Leiden Law Blog

Finding the theory behind a practical science

Finding the theory behind a practical science

Most forensic sciences started out as the practical application of elements of a science. For example, DNA evidence made use of the study of genetics, determining whether a substance found is illegal is a matter of chemistry, and determining time of death is a matter of biology. Digital forensics is no different from other forensic sciences in this respect. Computer science lies at the root of digital forensics, however practitioners from law enforcement (not scientists) use to aid in capturing criminals. This practical application of computer science is mostly void of theoretical foundation. This will develop over the course of the years, as it has with criminalistics. However, according to Peisert, Bishop and Marzullo (2008), the lack of theoretical foundation has an impact on the assumptions made about digital evidence and the accuracy of this kind of evidence.

Theoretical process model

The theoretical foundation that does exist is mostly derived from the theory behind criminalistics. Carrier and Spafford (2003) for instance have tried to establish a process model for digital forensics using the existing theory and techniques of physical investigations. Rather than devising a whole new process model, the connection with the physical models has to be made because nowadays computer or other digital evidence is likely to be part of almost every crime investigation. In fact, the FBI states that digital evidence is a part of almost all criminal investigations. Carrier and Spafford propose a process model that is analogous to the process model for the physical crime scene. In their view, computer evidence is a whole new crime scene and not just another piece of evidence. This is logical considering that computer evidence can contain multiple pieces of evidence on one physical computer.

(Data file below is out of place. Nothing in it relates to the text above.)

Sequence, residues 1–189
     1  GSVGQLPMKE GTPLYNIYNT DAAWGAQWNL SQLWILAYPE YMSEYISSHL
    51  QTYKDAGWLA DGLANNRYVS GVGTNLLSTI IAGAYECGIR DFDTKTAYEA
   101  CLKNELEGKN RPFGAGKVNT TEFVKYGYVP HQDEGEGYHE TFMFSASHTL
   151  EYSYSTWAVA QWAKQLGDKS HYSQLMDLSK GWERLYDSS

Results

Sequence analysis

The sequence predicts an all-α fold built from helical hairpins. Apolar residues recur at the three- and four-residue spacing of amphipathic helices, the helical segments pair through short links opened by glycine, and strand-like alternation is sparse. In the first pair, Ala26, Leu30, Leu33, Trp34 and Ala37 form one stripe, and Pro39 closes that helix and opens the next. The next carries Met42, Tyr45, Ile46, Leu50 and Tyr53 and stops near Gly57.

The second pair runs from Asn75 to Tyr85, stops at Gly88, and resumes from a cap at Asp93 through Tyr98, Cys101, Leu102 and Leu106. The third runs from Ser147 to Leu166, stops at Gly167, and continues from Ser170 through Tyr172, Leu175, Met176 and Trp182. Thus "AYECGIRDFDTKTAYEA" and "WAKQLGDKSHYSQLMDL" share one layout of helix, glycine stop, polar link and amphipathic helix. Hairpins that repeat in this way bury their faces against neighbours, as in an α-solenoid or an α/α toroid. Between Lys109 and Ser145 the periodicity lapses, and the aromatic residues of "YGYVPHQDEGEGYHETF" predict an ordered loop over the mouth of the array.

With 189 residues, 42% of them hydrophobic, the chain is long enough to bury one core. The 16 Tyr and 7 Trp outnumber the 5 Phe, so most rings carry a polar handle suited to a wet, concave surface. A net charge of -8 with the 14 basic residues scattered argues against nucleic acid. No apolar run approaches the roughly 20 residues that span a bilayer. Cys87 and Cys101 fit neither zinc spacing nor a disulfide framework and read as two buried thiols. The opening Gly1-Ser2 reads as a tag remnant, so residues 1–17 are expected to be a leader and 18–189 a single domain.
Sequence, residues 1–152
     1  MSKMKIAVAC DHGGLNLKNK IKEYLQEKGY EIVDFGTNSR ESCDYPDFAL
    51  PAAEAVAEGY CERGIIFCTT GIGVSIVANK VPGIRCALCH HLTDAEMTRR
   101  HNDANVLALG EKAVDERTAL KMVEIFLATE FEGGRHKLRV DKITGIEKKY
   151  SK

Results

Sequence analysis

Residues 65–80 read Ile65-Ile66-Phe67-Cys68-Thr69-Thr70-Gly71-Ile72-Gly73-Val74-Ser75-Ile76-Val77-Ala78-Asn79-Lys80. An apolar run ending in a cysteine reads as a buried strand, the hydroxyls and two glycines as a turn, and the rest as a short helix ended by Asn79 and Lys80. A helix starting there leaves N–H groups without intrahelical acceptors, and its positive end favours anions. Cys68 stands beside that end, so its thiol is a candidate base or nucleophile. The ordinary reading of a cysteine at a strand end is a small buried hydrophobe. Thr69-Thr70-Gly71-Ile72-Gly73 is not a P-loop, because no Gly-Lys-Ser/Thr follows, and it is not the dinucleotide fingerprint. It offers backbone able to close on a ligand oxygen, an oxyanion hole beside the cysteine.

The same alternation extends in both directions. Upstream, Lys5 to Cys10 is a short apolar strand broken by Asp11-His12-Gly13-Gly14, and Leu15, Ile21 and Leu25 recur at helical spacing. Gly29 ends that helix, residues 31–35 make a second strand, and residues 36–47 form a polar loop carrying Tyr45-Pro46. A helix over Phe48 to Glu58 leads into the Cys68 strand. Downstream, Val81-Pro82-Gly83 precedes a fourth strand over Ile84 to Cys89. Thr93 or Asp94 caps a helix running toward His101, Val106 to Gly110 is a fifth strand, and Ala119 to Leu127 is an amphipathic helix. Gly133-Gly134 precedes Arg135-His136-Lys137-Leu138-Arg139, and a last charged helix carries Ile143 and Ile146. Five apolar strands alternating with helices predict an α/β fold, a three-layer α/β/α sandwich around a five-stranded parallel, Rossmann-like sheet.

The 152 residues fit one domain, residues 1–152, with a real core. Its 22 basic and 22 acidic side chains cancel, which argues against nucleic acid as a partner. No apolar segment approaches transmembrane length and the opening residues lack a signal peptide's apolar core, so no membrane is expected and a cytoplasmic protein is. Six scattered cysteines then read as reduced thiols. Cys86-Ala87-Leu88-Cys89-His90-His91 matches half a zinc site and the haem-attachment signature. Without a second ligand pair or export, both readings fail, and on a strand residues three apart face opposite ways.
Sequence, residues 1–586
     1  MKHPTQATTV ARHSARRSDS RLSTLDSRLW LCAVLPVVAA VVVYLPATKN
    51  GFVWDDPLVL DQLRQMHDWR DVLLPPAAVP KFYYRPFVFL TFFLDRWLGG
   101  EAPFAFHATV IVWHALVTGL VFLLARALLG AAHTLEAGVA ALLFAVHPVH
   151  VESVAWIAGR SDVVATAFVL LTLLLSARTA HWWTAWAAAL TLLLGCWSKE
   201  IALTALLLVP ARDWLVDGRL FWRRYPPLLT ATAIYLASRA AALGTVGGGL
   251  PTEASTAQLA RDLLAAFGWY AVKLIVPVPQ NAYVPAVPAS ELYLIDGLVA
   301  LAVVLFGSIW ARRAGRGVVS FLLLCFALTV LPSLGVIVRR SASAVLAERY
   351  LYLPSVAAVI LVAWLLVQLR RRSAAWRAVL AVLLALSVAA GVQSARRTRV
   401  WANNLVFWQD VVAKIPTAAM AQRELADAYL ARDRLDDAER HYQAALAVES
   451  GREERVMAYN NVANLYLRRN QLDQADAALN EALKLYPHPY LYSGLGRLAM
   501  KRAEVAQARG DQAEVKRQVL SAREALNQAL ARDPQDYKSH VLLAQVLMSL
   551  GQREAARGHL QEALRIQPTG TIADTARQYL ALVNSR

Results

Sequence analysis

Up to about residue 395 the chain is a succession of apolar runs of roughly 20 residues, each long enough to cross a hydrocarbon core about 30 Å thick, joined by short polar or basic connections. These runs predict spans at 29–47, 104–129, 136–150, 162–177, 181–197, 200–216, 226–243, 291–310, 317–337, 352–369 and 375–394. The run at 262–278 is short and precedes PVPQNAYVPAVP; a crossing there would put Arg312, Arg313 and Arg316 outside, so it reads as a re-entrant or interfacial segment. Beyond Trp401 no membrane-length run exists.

Cyber Exchange Principle

Another element of theory taken from criminalistics is the Locard Exchange principle. This principle is attributed to Edmond Locard (1877-1966) and states ‘every contact leaves a trace’ (Broeders, 2003). Although this is probably not exactly what Locard (1923) said, this principle is most likely derived from one of his papers. This principle has been discussed and adapted in order to also apply it to digital forensics. Zatyko (2012) discussed the Locard principle by breaking the principle into its parts: Are there two items?; Is there contact?; Is there an exchange of material? He concluded that the principle is in fact adaptable to the world of cybercrime with the warning that these traces are not physical but most likely digital and investigation of the contents of computers or networks is required.

Future work

It is efforts like that of Zatyko, Carrier and Spafford that will help further the much-needed theoretical foundations in digital forensics and will eventually give it real scientific value. What do you think would be an important next step in the theory behind digital forensics? Please leave your answer in the comments!

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